therapeutic conversation (deliberate self
harm, not turning up etc.)
Our Anxiety
• Acknowledge: must feel it
• Watch for tempting action/solutions that
reduce therapeutic space: “slow response”
- Taking over control
- Suicide contracts
- Hospitalization
- Medication
Triggering implicit memory and
suicidal thoughts in session
• “disjunction” = therapist is experienced as
emotionally unavailable)
• Implicit memory of original caregiver failure is
• Not aware of memory, experience is with
therapist, but with the power of implicit memory
• Patient feels despair and hopelessness, with
suicide the only solution, and therapist “not
Repair of disjunction
• If suicidal thoughts come up in session,
look for disjunction
• Together, acknowledge that something has
gone wrong
• Try and “re-find” patients experience that
was missed
• Later on, possibility of understanding what
was triggered, and how
Access Implicit Memory?
Disjunction (suicidal thoughts), but also:
• Unusual, incongruous feelings
• Enactments
• Extreme behaviours between sessions
• Unusual behaviour in session – theirs and
ours = frame changes
Importance of the frame
• “Frame” = Behavioural rules that make
therapy run smoothly, effectively and
• Some verbalised, many assumed
• Many patient (and therapist) actions arise
out of implicit memory systems
• Therefore, discuss any frame changes =
avenue to implicit memory understanding
• Example, open window
Restructuring implicit memory
• Long-term therapy?
• Many times learning new implicit memory
• Because of the function of suicidal
thoughts as “the only escape”, hard to shift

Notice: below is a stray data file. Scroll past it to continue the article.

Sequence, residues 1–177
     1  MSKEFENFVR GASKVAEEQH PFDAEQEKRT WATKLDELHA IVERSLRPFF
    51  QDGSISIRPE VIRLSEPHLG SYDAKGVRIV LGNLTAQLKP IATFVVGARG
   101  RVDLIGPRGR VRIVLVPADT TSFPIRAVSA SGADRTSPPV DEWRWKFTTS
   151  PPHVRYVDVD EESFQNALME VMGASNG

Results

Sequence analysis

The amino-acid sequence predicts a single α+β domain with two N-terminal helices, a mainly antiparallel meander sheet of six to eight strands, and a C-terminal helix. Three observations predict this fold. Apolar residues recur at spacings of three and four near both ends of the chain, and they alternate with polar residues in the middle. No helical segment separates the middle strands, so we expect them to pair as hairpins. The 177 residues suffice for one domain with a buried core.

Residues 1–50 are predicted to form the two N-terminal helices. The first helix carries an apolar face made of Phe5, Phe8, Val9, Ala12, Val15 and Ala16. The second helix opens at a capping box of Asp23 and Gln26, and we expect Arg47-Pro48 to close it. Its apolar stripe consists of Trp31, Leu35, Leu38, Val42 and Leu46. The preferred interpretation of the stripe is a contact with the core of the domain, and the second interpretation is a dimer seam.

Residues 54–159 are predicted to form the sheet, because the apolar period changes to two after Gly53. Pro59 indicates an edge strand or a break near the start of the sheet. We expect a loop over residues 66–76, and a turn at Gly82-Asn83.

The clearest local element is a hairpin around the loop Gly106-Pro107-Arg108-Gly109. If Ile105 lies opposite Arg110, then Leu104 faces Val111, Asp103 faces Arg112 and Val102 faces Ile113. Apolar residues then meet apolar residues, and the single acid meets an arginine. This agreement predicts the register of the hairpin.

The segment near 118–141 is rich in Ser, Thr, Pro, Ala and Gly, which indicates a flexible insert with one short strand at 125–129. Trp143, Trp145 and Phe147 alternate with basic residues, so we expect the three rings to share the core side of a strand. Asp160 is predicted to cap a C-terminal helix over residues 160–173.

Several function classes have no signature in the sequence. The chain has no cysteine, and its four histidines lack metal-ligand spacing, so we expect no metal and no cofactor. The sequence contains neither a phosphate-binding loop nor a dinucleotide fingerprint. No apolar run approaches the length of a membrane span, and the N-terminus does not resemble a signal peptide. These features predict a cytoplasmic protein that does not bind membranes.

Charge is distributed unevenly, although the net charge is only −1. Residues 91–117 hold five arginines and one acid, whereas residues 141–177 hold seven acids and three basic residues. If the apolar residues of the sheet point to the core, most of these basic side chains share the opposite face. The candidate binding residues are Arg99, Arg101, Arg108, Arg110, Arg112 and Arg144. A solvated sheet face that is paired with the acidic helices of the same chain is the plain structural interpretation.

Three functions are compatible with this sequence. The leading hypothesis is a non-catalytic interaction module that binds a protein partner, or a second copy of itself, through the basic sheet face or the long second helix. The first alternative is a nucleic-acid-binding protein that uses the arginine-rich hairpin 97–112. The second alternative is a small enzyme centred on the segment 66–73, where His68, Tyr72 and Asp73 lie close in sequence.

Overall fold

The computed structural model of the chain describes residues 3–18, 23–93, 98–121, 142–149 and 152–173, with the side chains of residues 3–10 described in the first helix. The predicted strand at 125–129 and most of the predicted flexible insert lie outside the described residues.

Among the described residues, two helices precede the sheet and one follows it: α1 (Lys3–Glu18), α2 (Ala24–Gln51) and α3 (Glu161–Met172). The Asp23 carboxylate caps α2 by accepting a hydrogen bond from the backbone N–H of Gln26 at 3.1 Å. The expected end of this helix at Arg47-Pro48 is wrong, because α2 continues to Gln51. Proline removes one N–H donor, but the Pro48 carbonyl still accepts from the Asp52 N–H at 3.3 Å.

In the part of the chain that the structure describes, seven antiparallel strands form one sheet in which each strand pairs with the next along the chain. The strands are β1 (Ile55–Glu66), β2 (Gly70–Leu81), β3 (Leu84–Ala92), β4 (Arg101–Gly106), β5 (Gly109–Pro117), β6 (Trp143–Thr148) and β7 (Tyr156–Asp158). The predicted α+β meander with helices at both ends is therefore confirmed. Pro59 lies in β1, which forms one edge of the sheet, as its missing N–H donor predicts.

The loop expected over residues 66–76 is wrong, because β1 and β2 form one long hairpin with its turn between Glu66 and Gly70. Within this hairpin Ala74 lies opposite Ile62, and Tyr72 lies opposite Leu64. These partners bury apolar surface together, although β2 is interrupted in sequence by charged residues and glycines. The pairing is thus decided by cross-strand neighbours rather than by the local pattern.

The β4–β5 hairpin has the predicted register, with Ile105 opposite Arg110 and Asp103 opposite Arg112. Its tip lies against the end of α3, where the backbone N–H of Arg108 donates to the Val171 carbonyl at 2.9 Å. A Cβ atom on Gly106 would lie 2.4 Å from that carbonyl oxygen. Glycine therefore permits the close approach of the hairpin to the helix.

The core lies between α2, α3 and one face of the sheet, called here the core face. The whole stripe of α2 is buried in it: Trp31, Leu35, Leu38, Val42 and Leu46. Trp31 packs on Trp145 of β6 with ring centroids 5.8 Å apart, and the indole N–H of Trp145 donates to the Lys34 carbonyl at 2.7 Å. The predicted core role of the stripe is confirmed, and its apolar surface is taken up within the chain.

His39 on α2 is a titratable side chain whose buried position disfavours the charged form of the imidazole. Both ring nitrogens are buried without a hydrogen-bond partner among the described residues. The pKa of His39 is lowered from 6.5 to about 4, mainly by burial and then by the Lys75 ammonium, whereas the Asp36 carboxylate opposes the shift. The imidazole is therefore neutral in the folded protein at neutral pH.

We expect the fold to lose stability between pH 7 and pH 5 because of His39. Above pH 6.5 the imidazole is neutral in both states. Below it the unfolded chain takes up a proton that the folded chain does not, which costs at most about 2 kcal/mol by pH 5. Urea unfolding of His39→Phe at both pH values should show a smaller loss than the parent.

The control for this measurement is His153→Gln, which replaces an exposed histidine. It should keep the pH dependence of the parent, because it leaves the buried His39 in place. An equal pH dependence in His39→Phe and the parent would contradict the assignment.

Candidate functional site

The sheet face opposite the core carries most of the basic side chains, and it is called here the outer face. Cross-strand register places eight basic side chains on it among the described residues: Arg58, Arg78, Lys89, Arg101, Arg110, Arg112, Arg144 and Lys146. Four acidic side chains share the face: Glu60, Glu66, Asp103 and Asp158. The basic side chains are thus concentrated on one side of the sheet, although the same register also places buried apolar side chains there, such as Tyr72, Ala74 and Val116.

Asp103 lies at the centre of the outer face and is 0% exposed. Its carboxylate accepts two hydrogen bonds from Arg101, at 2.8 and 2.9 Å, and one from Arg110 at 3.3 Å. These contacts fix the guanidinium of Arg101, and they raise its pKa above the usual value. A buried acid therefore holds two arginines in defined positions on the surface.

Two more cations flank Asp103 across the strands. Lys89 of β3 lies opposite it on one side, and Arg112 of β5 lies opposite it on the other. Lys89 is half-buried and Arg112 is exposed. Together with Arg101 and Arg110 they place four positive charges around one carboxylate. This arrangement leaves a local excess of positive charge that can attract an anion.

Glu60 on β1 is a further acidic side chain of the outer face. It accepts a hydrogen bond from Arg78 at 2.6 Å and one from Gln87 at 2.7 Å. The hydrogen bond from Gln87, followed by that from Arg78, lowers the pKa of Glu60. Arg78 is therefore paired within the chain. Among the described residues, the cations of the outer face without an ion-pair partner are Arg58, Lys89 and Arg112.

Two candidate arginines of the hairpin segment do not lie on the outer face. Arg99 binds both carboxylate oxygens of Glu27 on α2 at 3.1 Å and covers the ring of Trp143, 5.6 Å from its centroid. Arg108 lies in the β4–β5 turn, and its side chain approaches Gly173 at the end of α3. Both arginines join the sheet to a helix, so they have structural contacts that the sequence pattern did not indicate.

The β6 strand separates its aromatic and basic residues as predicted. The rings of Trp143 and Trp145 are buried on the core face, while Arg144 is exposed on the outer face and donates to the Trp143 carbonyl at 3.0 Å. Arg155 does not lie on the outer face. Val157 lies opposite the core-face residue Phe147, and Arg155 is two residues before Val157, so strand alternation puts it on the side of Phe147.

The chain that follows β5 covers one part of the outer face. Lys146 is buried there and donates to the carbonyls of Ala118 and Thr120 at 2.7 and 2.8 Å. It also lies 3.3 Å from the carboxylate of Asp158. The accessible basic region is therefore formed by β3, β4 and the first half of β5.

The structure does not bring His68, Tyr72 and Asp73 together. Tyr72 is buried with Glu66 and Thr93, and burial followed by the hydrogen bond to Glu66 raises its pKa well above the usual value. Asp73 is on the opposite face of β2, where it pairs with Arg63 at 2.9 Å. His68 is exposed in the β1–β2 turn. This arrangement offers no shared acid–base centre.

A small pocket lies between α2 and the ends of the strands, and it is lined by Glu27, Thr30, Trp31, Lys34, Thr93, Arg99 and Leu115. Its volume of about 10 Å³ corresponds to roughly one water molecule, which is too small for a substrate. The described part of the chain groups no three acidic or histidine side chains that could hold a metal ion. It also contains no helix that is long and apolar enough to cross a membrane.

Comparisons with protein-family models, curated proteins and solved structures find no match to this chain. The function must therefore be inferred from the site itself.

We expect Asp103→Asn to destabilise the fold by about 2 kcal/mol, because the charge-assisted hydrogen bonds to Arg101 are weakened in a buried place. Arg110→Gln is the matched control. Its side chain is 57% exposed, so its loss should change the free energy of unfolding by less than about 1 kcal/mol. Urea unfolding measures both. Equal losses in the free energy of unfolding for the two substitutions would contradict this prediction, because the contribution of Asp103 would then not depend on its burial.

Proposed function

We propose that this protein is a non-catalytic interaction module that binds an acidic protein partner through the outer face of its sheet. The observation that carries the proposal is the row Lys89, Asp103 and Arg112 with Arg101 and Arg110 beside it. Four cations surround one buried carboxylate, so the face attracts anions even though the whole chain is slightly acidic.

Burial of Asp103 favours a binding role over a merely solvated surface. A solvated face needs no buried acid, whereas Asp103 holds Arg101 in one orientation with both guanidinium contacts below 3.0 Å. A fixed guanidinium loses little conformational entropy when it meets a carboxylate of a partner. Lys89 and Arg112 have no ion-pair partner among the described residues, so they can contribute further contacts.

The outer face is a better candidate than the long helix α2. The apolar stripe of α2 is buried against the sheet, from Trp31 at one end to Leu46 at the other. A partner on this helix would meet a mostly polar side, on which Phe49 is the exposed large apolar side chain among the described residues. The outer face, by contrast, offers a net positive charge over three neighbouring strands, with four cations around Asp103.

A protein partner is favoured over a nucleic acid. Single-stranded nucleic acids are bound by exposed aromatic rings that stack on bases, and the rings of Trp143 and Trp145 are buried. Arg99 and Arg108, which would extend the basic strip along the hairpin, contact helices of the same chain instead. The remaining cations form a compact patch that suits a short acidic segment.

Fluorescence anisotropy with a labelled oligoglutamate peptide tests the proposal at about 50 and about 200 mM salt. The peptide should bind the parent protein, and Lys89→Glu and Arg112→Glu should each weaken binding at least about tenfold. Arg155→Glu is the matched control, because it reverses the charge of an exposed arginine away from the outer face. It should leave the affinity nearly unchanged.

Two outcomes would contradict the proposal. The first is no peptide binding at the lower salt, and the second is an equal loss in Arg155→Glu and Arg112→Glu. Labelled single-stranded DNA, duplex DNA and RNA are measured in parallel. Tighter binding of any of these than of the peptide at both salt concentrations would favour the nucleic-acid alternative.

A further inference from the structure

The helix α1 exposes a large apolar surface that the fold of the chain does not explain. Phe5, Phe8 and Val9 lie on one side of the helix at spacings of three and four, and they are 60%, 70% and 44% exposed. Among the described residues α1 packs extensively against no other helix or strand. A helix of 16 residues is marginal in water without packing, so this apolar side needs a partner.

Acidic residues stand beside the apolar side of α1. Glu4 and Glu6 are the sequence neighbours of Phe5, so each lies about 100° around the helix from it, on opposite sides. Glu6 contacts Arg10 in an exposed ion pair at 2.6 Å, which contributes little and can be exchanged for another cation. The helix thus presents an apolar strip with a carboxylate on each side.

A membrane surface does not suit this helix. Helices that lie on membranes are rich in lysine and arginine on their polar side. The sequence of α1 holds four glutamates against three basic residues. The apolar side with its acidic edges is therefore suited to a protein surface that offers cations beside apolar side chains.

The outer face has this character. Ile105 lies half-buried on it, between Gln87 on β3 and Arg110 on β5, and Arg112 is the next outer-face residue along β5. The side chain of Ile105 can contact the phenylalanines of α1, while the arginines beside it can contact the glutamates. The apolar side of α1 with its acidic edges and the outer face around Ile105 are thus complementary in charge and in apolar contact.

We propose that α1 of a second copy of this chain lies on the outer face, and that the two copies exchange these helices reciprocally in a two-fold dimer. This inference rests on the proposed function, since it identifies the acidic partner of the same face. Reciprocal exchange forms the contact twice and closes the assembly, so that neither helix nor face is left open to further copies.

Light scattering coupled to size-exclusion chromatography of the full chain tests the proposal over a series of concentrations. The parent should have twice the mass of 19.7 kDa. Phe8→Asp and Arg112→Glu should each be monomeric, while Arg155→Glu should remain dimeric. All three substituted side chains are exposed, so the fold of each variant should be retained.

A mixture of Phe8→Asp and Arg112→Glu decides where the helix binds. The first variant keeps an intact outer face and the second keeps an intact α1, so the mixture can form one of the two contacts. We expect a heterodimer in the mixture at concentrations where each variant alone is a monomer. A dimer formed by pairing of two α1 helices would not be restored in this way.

• Therapist fear and despair should not be
underestimated – supervision
• Crucial: forged in rel, changed in rel
How does implicit change occur?
• Who Knows?
• Something different is experienced in
therapeutic rel. Mediated by:
Non verbal communication
Affective sharing
Cross modal communication (another talk)
But I Prefer….
My (hoped for) way of doing
• Listening deeply
• Giving value to all pt experience (esp
• Allowing not knowing (take time to puzzle
• Understanding together
• Being moved profoundly
• Meares: The Metaphor Of Play (3rd Ed)
• Nelson (2005):Evolution and Development
and Human Memory Systems
• Liotti, Cortina (2007): New Approaches to
Understanding Unconscious Processes….
• Gabbard and Westen (2003): Rethinking
Therapeutic Action
References continued
• Levine (2004) Autobiographical Memory
And the Self in Time…
• Stern, BCPSG (2006) The Foundational
Level of Psychodynamic Meaning….
• Mancia (2006) Implicit memory and early
unrepressed unconscious
• Tulving (1972): Episodic and Semantic

Chronic suicidal thoughts and implicit memory.